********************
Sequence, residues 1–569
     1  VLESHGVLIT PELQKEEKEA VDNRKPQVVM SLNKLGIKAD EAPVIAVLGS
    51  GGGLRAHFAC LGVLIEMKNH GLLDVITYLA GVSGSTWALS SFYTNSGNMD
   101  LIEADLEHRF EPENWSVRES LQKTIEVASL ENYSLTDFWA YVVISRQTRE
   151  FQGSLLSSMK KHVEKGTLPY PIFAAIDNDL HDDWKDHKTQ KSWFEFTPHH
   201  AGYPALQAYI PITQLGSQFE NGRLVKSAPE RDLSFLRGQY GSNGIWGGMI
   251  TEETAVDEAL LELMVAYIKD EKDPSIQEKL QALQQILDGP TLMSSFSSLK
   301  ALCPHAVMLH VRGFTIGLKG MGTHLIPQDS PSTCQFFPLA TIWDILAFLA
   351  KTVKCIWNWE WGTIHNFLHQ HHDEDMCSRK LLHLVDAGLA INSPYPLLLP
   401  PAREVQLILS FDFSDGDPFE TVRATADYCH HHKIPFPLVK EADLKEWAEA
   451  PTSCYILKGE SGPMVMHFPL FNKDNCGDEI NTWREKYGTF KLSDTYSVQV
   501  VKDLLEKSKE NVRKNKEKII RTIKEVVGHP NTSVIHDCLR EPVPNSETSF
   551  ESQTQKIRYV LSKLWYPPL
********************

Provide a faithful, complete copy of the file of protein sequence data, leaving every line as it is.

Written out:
Sequence, residues 1–569
     1  VLESHGVLIT PELQKEEKEA VDNRKPQVVM SLNKLGIKAD EAPVIAVLGS
    51  GGGLRAHFAC LGVLIEMKNH GLLDVITYLA GVSGSTWALS SFYTNSGNMD
   101  LIEADLEHRF EPENWSVRES LQKTIEVASL ENYSLTDFWA YVVISRQTRE
   151  FQGSLLSSMK KHVEKGTLPY PIFAAIDNDL HDDWKDHKTQ KSWFEFTPHH
   201  AGYPALQAYI PITQLGSQFE NGRLVKSAPE RDLSFLRGQY GSNGIWGGMI
   251  TEETAVDEAL LELMVAYIKD EKDPSIQEKL QALQQILDGP TLMSSFSSLK
   301  ALCPHAVMLH VRGFTIGLKG MGTHLIPQDS PSTCQFFPLA TIWDILAFLA
   351  KTVKCIWNWE WGTIHNFLHQ HHDEDMCSRK LLHLVDAGLA INSPYPLLLP
   401  PAREVQLILS FDFSDGDPFE TVRATADYCH HHKIPFPLVK EADLKEWAEA
   451  PTSCYILKGE SGPMVMHFPL FNKDNCGDEI NTWREKYGTF KLSDTYSVQV
   501  VKDLLEKSKE NVRKNKEKII RTIKEVVGHP NTSVIHDCLR EPVPNSETSF
   551  ESQTQKIRYV LSKLWYPPL